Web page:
"They found him up north, just walking along the road and covered in a mess of blood," Crombie said. "He spouted some gibberish and then stopped talking at all. He's a big bastard. They thought he looked tough, so they threw him into the ring at one of those backyard shows to make up an extra round. He killed everything they had. They ran him until they ran out of shit to throw at him. He just doesn't stop."

"He doesn't stop," Rousseux echoed flatly, unimpressed. "What sort of drugs was he taking?"

"They took him to Senn Mira a month later. Same thing happened. It's not drugs. It's him."

Rousseux sniffed. "What's this about a lord?"

Crombie shrugged. "Seems like the only sensible thing the man ever said to the bunch that grabbed him. They asked his name and he told them he was the Kerikan Lord. Whatever that is." He poked at the listing urgently. "This is the one, boss. If you don't buy another body at this sale, just buy this one. Trust me."

Rousseux didn't reply, but he didn't disagree either. For all his gruff faults, Crombie was a good judge of fighting stock and he had reliable information from his various scouts. Rousseux started in the direction of the main entrance to the auction yard, before Crombie stopped him.

"Boss, Lilyana is here," he said quietly. "She didn't see me, but she'll be looking for you, I'm sure."

"Yes, I'm sure," Rousseux said with a dry smile. "No doubt she would love to publicly humiliate me today." He fingered the heavy purse at his belt, savouring the weight of wealth that he had managed to scrape together. "I have enough, Crombie. All a man needs is enough."

"Good luck, boss," Crombie said, giving him a vague salute. "I'll be in the back."

Rousseux nodded and left him, the dog at his heels. As he showed his signet ring at the door, he took note of all of the other buyers who were coming in to the courtyard. Most were dressed far richer than he was, in silks and dyed muslins, dripping with jewels and gold. He spotted Lilyana's familiar silver coronet ahead of him and he resolved to stay out of her way if he could help it.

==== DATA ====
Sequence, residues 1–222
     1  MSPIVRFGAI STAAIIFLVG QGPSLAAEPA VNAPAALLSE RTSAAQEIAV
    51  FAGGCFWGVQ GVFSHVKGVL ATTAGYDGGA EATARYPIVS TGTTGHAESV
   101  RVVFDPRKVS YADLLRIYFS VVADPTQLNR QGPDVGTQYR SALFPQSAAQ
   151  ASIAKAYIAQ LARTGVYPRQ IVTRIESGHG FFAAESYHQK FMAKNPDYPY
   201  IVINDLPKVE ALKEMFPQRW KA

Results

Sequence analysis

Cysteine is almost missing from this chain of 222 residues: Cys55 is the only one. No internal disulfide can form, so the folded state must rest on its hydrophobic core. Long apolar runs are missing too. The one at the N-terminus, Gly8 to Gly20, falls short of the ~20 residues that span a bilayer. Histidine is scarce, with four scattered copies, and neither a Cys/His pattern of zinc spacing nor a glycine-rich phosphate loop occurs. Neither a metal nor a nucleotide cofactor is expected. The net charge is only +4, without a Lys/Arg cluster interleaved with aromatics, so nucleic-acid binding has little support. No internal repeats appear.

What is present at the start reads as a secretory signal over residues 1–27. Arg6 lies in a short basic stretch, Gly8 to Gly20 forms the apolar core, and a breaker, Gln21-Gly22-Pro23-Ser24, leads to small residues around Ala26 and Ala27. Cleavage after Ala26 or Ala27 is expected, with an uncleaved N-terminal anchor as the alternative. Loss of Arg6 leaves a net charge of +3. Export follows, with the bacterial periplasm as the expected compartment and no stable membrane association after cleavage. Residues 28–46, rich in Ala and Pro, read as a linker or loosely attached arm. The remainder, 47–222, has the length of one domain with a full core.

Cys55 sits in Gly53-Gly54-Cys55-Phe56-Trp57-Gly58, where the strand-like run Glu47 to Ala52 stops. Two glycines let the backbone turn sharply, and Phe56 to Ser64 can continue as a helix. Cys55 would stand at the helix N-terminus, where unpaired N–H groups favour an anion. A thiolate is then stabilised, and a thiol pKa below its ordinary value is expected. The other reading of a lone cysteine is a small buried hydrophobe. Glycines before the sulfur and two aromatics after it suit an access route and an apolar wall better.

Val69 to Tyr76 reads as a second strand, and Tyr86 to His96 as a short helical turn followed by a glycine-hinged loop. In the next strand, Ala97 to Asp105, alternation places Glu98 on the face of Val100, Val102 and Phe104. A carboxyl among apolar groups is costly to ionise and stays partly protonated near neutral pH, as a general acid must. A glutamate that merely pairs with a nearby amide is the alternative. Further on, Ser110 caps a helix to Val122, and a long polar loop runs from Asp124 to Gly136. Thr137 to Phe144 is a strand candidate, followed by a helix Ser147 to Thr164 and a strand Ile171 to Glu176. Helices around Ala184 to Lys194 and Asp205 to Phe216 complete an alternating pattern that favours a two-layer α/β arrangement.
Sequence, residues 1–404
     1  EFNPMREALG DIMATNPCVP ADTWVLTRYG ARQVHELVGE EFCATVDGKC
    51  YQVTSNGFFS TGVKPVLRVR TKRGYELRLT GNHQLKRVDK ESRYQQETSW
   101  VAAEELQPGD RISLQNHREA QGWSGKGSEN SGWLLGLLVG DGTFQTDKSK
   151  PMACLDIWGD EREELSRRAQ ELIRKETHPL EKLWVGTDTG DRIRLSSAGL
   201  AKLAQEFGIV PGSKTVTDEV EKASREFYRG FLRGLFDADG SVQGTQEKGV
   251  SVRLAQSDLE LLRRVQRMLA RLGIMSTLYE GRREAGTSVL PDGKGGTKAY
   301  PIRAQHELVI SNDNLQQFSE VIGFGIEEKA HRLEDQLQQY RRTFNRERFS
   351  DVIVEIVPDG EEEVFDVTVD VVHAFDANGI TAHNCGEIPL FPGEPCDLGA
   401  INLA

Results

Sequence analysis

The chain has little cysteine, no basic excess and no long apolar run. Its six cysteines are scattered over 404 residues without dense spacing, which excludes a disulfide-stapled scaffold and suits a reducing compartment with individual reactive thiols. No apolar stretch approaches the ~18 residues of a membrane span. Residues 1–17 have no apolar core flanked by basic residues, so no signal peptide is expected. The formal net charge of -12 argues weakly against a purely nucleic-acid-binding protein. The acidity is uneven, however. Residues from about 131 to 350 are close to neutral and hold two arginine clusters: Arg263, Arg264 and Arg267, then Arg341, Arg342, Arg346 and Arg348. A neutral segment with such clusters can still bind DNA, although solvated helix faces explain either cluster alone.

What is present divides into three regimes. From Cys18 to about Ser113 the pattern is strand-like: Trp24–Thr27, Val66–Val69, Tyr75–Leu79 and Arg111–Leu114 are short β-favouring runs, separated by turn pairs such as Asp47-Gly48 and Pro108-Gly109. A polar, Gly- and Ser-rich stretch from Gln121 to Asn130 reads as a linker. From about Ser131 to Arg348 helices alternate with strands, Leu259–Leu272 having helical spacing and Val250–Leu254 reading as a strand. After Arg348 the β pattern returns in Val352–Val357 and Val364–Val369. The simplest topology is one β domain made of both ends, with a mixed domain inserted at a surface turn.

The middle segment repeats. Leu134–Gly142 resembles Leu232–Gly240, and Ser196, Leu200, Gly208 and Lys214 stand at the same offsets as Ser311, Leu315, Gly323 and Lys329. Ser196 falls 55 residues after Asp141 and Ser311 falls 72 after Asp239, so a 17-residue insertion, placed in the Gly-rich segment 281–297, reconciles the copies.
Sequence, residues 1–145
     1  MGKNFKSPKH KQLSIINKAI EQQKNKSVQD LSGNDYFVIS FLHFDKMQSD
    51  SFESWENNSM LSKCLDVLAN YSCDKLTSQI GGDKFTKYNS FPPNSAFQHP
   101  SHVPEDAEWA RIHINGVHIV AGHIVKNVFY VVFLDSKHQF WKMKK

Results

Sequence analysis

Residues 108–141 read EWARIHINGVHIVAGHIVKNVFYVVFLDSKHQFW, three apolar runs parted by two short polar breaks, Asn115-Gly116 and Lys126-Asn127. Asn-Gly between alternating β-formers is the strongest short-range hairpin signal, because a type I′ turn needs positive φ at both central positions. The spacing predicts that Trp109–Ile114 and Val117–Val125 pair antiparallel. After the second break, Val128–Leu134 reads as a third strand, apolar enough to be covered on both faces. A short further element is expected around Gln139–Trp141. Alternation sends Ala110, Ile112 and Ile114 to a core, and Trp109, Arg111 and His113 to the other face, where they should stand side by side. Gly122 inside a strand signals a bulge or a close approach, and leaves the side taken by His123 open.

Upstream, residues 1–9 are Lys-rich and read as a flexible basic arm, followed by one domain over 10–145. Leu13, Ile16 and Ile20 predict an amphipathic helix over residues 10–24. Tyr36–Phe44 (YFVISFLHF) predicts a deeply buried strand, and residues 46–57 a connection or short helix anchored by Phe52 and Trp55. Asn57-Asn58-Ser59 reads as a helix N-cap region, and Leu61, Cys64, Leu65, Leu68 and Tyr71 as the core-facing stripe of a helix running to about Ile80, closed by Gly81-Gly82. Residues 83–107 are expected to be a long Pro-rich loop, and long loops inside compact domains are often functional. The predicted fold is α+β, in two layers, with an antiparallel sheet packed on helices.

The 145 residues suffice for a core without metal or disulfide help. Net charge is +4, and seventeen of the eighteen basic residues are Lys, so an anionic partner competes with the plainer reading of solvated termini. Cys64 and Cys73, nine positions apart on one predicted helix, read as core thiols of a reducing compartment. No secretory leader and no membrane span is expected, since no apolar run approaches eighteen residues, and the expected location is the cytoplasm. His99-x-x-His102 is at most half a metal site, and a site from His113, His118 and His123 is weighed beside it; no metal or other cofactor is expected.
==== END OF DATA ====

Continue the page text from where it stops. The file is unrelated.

The courtyard was shaded with canopies and there was some respite from the sun, but the pit cast up a warmth, mixed with the smell of old blood and old sweat. The benches were full. More so than usual, Rousseux thought. He was not the only one who had heard about this unstoppable man. He found a spot high up where he could rest his back against the wall, and the dog crept under his feet to lie on the stone, panting in the heat.

The sale had already started, but they would be saving the best listings for later, when everybody would have taken advantage of the cool wine being passed around, and when purse strings would be looser. He watched a few of the listings go by. The two big spotted cats that they used to force a show of skills were particularly vicious today. The heat was bad, making them irritable and desperate.

"Rousseux, you beast." There was no mistaking her voice. "You didn't even come and sit with me. I'm offended."

"Lilyana, my dear," Rousseux said, standing to greet her. "A dreadful oversight on my part."

She settled herself beside him, drawing a veil over her face to shield her eyes from the sun, and she cast him a sideways glance. She smiled. "I am surprised to see you here. Everybody knows you have no money to spare. I'm amazed you even afforded the entry fee."

"I have a new patron," Rousseux said. "He's very keen for me to make an investment for him. I doubt even you could outbid me today."

"Oh, bold words," Lilyana said, smirking. "We shall see." Rousseux rubbed the dog's ears, trying not to give too much away. He hoped he really did have enough.